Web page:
Fortunately, life is not as binary as you think.
“A/B testing is a powerful technique for evaluating the success of a specific design element, but it is not yet widely adopted among library user experience professionals. Many libraries cannot or choose not to do A/B testing on a live website for a variety of practical reasons. Appalachian State University Libraries recently piloted a variety of A/B testing that has the potential to address some of these shortcomings: a Qualtrics survey of tasks carried out on static prototype websites embedded into the survey as inline frames. The technique allowed us to capture qualitative data in the form of survey questions and link it to quantitative server data typical in live A/B tests. Prototype A/B testing allowed us to reap the benefits of A/B testing without needing to modify a production server environment. Based on our findings from a large sample of undergraduate and graduate students, we were able to justify a post-migration design choice.”
Scott Goldstein ~ Journal of Library User Experience 2.1 ★
How the semantics of UX change all the time.
“If anything, the T in T-shape isn’t a deep dive into a specific UX sub discipline, and its not to stay within the confines of either research or design. The skill you most want to T shape is the ability transfer the principles of good design across these factors. This is why the broad UX lens is perfectly positioned to engage the ambiguity that comes with design. After all, why put a cap on your abilities? We all have a ceiling but don’t put one there yourself.”
Max Taylor ~ Medium ★ courtesy of @thebrainlady
From UI to UX to (…)
“The user experience of most web-based applications begins well below the interface, all the way down to fields in a database. Examining how systems and users experience time prove this point dramatically. Think about how messy time can be—time zones, leap years, recurring events. As the creators of educational technology, our team learned the hard way about failing to consider the UX implications of time—not just about how time works in technology, but also how our users experienced it in our UI. What follows are some of the technical issues that UX designers should consider about time, along with takeaways and specific methods that can be used to keep the user experience of time at the top-of-mind during product development.”
Michael McLeod a.k.a. @mcleodm3 ~ UXPA magazine ★
Putting a square in a circle?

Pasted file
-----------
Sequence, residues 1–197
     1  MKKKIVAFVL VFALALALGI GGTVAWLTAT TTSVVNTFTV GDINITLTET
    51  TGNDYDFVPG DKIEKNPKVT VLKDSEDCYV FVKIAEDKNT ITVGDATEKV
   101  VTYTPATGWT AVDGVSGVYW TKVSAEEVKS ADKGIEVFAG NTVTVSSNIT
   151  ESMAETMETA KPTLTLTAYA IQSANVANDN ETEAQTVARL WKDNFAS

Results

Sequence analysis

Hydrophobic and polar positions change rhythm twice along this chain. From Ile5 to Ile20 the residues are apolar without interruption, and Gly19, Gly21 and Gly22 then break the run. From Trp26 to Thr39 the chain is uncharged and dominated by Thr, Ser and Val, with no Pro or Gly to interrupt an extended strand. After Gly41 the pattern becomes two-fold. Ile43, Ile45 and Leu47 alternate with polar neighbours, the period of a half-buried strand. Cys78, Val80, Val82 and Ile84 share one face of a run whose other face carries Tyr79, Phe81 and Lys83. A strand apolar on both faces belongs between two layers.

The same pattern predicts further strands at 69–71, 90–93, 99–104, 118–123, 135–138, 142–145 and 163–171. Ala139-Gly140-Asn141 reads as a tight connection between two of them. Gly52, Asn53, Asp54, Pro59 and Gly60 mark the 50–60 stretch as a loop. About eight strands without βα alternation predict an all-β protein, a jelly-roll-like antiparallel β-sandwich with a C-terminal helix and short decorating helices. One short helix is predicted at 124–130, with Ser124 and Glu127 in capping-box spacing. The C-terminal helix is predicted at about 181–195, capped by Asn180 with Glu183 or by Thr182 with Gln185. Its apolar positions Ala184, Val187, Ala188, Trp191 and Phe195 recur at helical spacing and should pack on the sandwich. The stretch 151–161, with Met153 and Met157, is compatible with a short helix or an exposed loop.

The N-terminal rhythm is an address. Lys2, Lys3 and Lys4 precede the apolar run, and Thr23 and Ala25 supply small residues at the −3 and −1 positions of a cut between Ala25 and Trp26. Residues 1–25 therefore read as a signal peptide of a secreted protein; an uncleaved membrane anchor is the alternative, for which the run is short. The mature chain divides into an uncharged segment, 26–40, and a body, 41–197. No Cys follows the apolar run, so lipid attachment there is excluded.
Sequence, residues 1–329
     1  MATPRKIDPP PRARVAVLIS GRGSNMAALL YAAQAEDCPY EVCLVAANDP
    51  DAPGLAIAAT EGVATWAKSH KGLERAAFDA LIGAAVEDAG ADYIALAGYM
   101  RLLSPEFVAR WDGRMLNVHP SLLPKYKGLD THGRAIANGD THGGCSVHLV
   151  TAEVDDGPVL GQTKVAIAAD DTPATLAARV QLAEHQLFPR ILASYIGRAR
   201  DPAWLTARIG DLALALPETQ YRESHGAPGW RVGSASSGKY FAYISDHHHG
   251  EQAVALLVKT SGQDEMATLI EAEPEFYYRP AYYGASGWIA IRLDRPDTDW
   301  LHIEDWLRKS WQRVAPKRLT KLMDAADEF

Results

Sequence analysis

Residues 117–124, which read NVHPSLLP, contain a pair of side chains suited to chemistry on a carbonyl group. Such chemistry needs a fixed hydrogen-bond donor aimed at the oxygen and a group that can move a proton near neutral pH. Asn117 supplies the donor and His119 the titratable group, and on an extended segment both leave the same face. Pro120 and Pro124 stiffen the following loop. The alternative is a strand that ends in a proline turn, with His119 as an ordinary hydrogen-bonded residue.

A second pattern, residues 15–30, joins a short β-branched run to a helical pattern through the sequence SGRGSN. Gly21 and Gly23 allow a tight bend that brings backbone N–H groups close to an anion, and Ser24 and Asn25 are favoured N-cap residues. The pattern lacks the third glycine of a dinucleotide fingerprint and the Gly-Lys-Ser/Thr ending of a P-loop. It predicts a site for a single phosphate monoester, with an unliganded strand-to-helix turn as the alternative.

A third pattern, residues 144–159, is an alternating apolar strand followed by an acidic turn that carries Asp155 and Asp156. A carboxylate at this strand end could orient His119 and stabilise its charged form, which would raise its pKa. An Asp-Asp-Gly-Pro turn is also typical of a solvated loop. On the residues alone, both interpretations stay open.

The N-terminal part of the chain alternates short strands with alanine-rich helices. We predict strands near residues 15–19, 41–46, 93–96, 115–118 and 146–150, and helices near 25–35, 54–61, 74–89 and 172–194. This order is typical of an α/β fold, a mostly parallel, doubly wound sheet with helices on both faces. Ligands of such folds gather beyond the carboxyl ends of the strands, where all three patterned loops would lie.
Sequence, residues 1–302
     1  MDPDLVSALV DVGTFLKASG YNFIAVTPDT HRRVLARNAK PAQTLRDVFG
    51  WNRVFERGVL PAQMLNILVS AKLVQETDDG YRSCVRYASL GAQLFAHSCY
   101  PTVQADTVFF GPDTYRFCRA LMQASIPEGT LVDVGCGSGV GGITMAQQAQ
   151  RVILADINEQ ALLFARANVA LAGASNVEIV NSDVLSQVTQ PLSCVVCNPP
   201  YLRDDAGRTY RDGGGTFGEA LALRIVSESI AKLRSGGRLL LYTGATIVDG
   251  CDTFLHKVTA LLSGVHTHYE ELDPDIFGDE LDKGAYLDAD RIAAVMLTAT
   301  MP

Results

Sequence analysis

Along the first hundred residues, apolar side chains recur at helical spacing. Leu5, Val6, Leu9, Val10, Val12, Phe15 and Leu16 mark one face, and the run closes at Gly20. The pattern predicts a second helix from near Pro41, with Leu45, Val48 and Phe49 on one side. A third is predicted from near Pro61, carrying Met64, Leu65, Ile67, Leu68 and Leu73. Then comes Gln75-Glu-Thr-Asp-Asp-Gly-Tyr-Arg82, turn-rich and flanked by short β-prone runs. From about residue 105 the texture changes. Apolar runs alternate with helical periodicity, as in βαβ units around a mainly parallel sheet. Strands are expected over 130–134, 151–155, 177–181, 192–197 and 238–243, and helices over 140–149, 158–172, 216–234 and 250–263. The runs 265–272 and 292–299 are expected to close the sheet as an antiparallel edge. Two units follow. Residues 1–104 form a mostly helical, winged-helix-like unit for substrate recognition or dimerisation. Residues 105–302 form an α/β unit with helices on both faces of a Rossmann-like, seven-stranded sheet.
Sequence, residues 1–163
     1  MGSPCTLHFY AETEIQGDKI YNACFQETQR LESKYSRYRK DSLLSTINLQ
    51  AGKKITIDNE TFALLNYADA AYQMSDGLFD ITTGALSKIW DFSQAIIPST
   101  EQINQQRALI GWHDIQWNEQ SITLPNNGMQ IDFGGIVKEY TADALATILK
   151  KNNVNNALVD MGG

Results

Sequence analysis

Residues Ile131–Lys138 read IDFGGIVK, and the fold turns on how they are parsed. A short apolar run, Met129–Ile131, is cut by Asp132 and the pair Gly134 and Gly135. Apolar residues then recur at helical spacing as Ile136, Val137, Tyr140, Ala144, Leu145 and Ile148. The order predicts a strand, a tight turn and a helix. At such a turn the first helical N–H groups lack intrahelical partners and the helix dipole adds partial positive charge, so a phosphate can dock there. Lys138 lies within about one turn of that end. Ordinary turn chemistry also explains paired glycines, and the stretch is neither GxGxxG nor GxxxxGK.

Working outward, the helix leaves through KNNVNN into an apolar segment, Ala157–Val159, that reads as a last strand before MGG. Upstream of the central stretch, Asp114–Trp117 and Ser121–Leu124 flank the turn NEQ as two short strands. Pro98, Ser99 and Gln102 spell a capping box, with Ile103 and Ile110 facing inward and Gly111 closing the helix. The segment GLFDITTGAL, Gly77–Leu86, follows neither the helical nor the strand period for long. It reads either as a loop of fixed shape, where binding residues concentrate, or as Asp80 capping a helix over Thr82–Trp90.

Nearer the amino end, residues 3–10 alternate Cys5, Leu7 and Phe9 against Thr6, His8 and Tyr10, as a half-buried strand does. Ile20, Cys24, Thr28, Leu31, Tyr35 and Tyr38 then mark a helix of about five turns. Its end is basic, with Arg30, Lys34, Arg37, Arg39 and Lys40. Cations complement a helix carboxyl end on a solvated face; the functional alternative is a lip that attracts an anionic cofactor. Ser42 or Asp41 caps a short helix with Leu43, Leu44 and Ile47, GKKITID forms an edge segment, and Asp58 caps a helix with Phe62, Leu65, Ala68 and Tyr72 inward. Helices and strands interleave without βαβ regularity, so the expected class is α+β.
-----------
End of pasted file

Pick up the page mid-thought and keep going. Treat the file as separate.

“Agile and user experience have been partnered successfully since the Agile Manifesto was first authored in 2001 and have had a history of working well together in many situations. However, user experience research (UXR) has been largely unaccounted for in this work. The Agile Manifesto encourages us to revisit our processes and to iterate on ways to better describe how we work together with our teams. That is the goal of this article: to share our progress toward improving how we work by documenting an iteration of a model for you to try.”
Carol J. Smith a.k.a. @carologic, Thyra Rauch, and Hannah Moyers a.k.a. @h_moyers ~ UXPA magazine ★
Design remains team work. Even in guilds, tribes, and other social labels.
“In our busy Agile development environment, our UX team was under-resourced and frequently a bottleneck. We had won the fight for buy-in: People wanted us, but there were not enough of us to go around. So, we were seen as more of an “injustice league” than the band of heroes we wanted to be. Facing the challenge head-on, we successfully leveraged the guild model to scale UX within our mid-sized development organization. We deputized UI developers and QA resources to lighten our design load and to spread good design throughout the land.”
Jennifer Bullard @jbullard and Carol Bergantino @cbergantino20 ~ UXPA magazine ★
Don Norman and Don Draper: The Fraternal Twins.
“The difference between the CX and UX team is not their mission, but their origin. Because of that difference, they achieve the goal quite differently.”
Jared Spool a.k.a. /jmspool | @jmspool ~ User Interface Engineering ★
Mentals models for all objects, even smart onces.
“Users of Siri, Alexa, and Google Assistant conceptualize them in one of 3 ways: an interface, a personal assistant, or a brain. Frequent users are less likely to push the interaction limits of these AI systems than new users.”
Raluca Budiu a.k.a. /ralucabudiu | @rbudiu ~ Nielsen Norman Group ★
Employee and/or buyer personas.
“You think you’re just like everyone else. You think your thoughts, opinions, values, and habits are just the same as other people. Psychology calls this the false consensus bias1 because we assume much more commonality than reality warrants. False consensus bias contributes to making bad decisions when we design software.”
Kayla Block a.k.a. /kaylablock ~ Boxes and Arrows ★
Taxos for business as well.
“While I haven’t shared all the strategic reasoning behind the website taxonomy, I hope this post explains the approach well enough to solicit feedback. Is it perfect? I don’t know! We will come to know only after the website is launched, feedback is collected from the target audience, and website traffic is tracked over a period of time. That’s when I am going to update this post.”
The Verditer ★